Peru set to kick off first north-central anchovy fishing season
Peru’s Ministry of Production (PRODUCE) has announced a 19 May launch date for the first anchovy fishing season of the year in the country's north-central region, setting a total allowable catch (TAC) of 2.792 million metric tons (MT), the ministry reported on its website.
The TAC represents a 36.4 percent boost from last season, when PRODUCE established a 2.047 million MT capture limit. That season closed in January with nearly the full quota caught.
PRODUCE authorized exploratory fishing from 4 May in the maritime area outside five nautical miles of the coastline for two weeks, after which the fishing season will officially start. Authorized vessels must carry out fishing operations outside areas reserved for artisanal and small-scale fishing, according to existing regulations. Operations are only allowed for registered and authorized fishing vessels that have approved satellite monitoring systems (Sisesat) on board, and they must be set to constantly emit satellite-positioning signals.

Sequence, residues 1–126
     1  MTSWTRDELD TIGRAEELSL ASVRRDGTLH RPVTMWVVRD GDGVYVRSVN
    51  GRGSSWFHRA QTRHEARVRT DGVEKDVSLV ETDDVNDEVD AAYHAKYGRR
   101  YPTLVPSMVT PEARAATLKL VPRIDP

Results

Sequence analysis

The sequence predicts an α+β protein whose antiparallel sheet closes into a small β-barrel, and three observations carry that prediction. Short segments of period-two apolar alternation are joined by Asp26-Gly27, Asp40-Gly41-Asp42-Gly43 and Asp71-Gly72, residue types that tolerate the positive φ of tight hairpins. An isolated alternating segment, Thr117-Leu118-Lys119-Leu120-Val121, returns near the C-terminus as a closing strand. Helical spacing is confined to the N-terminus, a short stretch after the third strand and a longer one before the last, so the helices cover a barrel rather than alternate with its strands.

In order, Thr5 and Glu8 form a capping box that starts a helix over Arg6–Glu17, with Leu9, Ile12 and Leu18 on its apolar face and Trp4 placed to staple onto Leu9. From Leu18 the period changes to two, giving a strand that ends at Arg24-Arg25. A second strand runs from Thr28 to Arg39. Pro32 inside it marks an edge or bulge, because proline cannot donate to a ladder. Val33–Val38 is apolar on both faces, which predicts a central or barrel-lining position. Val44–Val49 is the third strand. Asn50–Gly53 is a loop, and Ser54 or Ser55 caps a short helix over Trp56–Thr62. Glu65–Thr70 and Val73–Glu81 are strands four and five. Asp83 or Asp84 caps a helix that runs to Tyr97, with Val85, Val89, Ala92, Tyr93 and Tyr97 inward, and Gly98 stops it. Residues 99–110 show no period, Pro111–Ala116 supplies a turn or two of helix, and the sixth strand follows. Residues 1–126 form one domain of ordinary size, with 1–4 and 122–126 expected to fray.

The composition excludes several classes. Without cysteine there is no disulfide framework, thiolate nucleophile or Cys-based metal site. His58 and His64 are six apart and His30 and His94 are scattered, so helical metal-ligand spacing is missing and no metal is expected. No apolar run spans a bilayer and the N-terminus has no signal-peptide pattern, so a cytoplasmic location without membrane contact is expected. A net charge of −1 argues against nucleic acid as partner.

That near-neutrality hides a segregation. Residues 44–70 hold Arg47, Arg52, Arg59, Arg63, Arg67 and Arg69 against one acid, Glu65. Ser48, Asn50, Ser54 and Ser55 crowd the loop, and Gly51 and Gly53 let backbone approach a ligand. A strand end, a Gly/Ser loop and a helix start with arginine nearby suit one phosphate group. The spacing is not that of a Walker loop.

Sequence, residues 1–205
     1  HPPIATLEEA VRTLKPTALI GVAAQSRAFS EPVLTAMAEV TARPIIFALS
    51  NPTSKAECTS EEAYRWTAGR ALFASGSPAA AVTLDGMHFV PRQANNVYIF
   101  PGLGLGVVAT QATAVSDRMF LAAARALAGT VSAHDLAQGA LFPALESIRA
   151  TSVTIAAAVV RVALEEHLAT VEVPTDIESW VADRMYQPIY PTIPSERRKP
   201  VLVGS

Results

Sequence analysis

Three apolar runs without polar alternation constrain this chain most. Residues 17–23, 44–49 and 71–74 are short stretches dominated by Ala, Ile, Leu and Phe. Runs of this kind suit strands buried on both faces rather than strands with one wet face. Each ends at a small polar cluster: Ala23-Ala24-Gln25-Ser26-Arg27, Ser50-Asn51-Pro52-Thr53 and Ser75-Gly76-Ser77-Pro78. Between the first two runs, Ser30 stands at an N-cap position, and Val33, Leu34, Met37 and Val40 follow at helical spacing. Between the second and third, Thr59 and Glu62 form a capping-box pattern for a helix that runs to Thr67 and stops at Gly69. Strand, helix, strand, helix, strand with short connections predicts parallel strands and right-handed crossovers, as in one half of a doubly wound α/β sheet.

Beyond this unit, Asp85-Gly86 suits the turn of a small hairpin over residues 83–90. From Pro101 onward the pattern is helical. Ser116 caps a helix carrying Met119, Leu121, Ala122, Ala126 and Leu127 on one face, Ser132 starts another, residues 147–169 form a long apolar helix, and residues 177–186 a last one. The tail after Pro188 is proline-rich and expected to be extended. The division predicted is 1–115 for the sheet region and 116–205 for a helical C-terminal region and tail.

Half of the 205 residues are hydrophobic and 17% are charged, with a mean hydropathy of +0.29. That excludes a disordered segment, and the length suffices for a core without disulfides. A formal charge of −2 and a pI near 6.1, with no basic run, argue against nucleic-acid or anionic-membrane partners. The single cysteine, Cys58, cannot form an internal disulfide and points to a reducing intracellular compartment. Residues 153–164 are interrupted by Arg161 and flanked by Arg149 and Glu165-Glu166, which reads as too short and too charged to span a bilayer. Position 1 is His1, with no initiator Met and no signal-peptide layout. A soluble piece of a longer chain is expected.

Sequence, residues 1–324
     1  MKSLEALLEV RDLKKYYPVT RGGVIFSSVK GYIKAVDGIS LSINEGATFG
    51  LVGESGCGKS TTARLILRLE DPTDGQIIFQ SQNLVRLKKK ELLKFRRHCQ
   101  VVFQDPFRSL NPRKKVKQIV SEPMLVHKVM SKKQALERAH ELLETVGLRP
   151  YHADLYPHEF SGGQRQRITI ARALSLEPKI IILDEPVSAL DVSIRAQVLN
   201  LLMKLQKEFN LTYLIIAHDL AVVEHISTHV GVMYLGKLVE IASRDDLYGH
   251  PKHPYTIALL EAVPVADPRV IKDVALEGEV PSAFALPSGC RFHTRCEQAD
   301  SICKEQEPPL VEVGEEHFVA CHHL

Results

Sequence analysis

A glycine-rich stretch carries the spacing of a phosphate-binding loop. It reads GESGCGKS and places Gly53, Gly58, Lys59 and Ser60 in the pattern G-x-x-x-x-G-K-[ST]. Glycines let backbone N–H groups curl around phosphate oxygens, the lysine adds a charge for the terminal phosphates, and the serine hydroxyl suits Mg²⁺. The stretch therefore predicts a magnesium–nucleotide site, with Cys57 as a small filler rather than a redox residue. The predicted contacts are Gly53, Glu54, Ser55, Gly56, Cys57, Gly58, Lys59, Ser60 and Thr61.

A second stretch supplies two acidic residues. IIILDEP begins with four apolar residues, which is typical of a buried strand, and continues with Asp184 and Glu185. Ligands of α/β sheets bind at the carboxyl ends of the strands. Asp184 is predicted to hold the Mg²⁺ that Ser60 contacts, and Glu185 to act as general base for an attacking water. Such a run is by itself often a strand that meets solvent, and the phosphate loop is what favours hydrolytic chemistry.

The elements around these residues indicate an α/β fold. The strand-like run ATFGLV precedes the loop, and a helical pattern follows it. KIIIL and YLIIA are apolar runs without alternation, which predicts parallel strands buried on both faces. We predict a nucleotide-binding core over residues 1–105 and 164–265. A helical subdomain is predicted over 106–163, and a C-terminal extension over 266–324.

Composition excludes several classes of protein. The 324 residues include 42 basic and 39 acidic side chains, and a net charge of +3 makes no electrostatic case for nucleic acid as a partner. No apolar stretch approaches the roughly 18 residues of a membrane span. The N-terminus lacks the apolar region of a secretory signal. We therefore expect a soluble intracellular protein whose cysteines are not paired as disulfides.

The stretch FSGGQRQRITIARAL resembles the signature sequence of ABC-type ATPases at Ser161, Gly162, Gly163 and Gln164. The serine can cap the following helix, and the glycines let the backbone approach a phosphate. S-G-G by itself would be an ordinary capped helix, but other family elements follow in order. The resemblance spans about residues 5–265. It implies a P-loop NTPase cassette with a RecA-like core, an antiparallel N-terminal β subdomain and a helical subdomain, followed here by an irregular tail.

Peru divides its anchovy fishing areas into two regions – south and north-central – with different capture limits and seasons set for each. The north-central is Peru’s main fishing region, with capture measuring several times that of the south region. The fishery, which targets both Engraulis ringens and Anchoa nasus for use in indirect human consumption – primarily fishmeal and fish oil used in aquaculture production – is the largest by volume in the world.
On 31 December, PRODUCE kicked off the beginning of the anchovy fishing season for the south region, establishing a TAC of 486,500 MT, slated to run until 30 June.
Peru defines the TAC based on observations from the Peruvian Sea Institute (Imarpe), a technical agency within PRODUCE that advises the state on marine conservation issues and that performs studies to evaluate the status of the Peruvian anchovy biomass.
The fishing season will conclude once the maximum total allowable catch limit of the north-central region is reached, or when Imarpe recommends a close due to environmental or biological circumstances.
Photo courtesy of PRODUCE